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Being Able to “See”


My eye doctor is more than an eye doctor to me. . . he is a friend.  He has been my optometrist since I was 8 years old!  He is also a faithful Christian who is as interested in my eyesight as he is in my walk with Christ.  Every time I visit him he tells me stories of his many medical missions, mostly to Haiti and the Carribean Islands.  He was actually in Port-au-Prince when the big earthquake hit Haiti a couple of years ago.  One time Dr. W told me about a man who was about my age whose eyesight was very poor, about 20/200.  For him all of life was a blur.  At the very moment when Dr. W fitted him with a pair of glasses the man began to leap into the air, jumping around the room with such glee, shouting, “Look at that!  Look at that!”  Tears ran down the man’s face because he could see things he never knew existed even though they were right there in front of him all along!

Last week I took my son and daughter to our friend the eye doctor for our yearly exam.  My son, who is now a freshman in high school, and becoming increasingly aware of his looks, decided that he wanted to replace his wire-framed glasses with contact lenses.  My daughter was diagnosed with a slight myopia and now needs a pair of glasses for the classroom.  One wants to ditch his glasses and the other is excited to be receiving a pair of specs.  Go figure!  Seeing is so incredibly important!  We are so blessed to have the care for our eyes that we have, unlike that man in Haiti who had to wait half of his life to be able to see anything more than fuzzy looking loved ones!  But “seeing” is not always something that is foremost in our awareness.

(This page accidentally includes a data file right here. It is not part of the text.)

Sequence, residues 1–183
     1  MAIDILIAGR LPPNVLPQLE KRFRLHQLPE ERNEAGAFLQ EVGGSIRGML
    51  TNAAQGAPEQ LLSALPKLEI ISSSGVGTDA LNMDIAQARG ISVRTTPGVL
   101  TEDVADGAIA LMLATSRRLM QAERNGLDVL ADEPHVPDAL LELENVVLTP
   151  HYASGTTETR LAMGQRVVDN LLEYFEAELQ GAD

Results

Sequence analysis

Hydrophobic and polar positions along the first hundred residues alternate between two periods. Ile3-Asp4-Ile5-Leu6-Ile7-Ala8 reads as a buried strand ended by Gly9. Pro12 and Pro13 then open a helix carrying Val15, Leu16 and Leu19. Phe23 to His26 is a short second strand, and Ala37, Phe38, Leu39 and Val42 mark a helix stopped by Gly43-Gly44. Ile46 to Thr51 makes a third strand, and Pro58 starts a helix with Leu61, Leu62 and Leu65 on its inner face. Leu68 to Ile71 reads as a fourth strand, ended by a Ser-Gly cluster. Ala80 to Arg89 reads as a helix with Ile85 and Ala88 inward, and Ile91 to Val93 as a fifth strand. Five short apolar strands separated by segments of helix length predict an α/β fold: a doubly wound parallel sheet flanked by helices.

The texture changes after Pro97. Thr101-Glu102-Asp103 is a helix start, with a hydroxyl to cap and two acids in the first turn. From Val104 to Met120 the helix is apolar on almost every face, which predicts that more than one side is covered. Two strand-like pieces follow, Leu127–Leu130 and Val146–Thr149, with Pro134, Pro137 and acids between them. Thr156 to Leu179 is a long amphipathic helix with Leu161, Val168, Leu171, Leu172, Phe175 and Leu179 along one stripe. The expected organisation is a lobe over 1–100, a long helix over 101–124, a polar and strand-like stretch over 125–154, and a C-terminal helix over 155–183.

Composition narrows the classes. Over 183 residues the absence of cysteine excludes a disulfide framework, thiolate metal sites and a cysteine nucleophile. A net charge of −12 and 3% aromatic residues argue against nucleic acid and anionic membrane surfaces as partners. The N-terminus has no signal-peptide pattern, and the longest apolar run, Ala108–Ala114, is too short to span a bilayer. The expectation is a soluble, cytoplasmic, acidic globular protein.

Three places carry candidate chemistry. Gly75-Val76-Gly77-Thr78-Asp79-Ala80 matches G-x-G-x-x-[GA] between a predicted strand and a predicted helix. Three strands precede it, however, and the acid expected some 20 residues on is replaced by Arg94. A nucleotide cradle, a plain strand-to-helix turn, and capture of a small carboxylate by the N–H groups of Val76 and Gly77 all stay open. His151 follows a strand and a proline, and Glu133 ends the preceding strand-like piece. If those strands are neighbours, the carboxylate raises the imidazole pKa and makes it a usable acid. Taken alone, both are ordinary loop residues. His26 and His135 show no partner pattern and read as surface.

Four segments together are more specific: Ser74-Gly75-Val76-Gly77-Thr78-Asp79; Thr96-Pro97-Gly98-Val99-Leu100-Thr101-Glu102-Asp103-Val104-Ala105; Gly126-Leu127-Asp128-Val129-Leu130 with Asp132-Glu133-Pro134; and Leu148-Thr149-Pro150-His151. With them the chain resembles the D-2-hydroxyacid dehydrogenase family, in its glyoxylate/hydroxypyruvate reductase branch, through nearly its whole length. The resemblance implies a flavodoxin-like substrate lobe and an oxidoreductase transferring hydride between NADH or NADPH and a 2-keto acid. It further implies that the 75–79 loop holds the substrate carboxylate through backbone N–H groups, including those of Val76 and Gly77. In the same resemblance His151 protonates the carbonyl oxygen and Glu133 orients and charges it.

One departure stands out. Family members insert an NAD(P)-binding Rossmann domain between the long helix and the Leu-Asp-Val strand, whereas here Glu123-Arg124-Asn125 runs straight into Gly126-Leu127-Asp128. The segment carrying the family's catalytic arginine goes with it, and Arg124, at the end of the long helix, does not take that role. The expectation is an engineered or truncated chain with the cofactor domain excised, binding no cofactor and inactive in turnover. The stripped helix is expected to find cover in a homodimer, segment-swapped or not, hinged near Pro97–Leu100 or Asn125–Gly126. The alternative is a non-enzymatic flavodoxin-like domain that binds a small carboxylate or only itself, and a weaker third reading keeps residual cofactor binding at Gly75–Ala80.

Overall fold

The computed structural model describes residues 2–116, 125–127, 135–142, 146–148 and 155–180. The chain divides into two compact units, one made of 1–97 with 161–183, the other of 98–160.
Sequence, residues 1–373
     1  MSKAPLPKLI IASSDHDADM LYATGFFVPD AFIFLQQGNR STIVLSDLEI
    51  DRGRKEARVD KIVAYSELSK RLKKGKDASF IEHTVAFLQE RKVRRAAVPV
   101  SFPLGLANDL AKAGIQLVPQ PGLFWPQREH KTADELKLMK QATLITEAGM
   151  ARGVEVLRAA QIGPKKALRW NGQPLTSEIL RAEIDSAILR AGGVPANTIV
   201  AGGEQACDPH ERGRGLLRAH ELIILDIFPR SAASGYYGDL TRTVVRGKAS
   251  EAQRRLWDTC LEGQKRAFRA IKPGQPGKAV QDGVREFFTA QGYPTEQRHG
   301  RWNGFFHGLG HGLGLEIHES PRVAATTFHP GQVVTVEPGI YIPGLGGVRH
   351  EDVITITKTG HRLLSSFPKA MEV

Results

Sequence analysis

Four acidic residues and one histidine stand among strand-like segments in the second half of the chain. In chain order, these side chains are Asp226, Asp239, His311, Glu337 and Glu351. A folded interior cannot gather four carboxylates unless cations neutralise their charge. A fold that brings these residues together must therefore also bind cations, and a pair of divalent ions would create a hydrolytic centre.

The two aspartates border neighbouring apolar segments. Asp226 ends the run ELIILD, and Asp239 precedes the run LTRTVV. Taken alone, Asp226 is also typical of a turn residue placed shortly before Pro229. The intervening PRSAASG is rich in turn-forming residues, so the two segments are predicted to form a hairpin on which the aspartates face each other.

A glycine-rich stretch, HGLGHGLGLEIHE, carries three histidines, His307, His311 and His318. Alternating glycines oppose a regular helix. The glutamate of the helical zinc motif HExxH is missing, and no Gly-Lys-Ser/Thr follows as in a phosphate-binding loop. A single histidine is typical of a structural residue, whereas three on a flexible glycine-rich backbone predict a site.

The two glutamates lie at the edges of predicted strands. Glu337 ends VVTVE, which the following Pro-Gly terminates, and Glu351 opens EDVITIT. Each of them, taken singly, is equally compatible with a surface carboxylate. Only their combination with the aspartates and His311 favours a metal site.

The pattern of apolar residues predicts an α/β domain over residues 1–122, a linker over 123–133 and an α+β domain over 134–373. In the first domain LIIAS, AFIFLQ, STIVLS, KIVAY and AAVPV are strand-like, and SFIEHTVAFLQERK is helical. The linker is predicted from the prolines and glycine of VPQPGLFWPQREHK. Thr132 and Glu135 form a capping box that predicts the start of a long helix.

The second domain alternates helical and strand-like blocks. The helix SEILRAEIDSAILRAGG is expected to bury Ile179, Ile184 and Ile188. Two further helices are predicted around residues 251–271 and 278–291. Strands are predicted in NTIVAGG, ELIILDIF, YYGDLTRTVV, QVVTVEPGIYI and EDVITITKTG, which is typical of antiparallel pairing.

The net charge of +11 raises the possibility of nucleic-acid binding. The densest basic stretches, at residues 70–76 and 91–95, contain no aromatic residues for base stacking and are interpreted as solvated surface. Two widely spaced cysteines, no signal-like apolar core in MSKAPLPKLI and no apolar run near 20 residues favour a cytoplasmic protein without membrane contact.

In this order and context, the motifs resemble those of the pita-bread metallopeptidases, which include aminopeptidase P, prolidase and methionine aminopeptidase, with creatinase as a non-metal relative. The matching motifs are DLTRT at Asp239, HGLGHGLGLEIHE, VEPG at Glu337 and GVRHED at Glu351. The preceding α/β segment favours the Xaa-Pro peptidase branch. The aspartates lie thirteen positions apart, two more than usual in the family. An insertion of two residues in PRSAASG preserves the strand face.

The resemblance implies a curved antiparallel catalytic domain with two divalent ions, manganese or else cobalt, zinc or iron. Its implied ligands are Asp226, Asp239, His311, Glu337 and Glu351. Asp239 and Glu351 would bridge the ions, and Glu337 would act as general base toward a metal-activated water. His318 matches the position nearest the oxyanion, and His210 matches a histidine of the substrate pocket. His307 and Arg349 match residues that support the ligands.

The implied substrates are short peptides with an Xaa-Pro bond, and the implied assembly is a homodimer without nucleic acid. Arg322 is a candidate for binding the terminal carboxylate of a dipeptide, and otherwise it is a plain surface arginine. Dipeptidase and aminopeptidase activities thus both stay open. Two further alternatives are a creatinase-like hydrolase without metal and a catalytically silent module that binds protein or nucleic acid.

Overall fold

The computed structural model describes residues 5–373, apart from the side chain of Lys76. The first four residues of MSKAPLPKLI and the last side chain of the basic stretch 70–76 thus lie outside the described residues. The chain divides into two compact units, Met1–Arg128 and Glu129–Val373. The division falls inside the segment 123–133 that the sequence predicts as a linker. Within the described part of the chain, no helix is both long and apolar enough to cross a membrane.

John talks a lot about seeing in his gospel.  Seeing is believing.  Blessed are those who haven’t seen but who still have come to believe.  The “disciple whom Jesus loved” saw the empty tomb and the grave clothes and he believed. Mary Magdalene had the great fortune to see the risen Christ and we know that certainly she believed.  Thomas believed once he was able to see the wounds of Jesus and to touch and feel him in person.  Seeing a vital part of this discipleship journey indeed.

So this prompts a few questions for you to ponder this morning. I encourage you to respond from your own experience so that we can dialogue about this journey with we share. Pehaps we can learn something from one another!

How do we know what we are seeing is “of God?”

How do we know what God is leading us to do in our faith communities?

How do we see what God has in mind for us based upon our particular skills, gifts, resources and passions?

Perhaps asking the question is the first step. . . we certainly cannot see what God wants for us and for the world if our eyes are not open, if we are in need of some God-lenses to help us see.  It’s like going to the optometrist and having that crucial eye exam and having the Doctor say, “You know. . . you just aren’t seeing 20/20. . . not even close.” But maybe we don’t know we aren’t seeing because we have no experience with being able to see!  Perhaps we thought it was supposed to look fuzzy, out of focus, diffuse and just a bunch of random blocks of color all around.  Instead, when the glasses are fitted we see that things are clear, vibrant, detailed and beautiful and then we KNOW that that’s the way it was supposed to look all along!

I’m with that guy who said to the disciples, “Sir, we want to see Jesus!”  I want to see Jesus. I want to know Jesus.  I want to follow Jesus!  And if I need a new set of glasses, contact lenses or even new eyes. . . well then I hope God will provide for me so that I can truly  see.


One Comment leave one →
  1. Susan H. permalink
    18April2012 17:59

    I am excited to read what folks may post in response to your questions bc I wasn’t sure I had very solid answers. We would know if the “thing” is of God if it’s in line with His Holy Word. Experience has shown that an idea that I would have never thought of on my own and stretches my comfort zone is likely from God as well. Moments of unexplained compassion are always of God.

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